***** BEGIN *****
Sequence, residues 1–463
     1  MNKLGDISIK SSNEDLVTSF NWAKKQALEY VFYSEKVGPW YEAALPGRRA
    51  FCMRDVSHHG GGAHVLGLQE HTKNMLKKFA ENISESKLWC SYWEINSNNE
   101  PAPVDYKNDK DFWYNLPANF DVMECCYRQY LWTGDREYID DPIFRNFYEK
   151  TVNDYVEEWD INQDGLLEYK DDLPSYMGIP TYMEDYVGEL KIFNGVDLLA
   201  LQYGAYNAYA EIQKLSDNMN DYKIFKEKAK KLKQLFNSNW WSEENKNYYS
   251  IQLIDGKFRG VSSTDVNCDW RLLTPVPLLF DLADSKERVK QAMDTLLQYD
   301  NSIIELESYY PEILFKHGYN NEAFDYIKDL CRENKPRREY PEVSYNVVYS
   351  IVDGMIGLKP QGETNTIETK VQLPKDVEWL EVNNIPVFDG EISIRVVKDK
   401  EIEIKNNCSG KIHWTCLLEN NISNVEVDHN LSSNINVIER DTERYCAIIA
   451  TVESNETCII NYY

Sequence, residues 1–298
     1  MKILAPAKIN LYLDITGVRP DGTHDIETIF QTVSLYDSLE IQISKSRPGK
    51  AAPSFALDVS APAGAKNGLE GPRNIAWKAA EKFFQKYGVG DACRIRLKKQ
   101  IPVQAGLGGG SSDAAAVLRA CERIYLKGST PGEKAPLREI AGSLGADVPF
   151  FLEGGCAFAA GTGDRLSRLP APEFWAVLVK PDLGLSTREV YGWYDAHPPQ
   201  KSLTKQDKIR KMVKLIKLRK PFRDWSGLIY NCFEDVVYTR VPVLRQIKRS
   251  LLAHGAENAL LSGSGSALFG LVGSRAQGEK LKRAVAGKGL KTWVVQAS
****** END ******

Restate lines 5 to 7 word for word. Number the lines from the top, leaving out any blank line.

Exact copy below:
   151  TVNDYVEEWD INQDGLLEYK DDLPSYMGIP TYMEDYVGEL KIFNGVDLLA
   201  LQYGAYNAYA EIQKLSDNMN DYKIFKEKAK KLKQLFNSNW WSEENKNYYS
   251  IQLIDGKFRG VSSTDVNCDW RLLTPVPLLF DLADSKERVK QAMDTLLQYD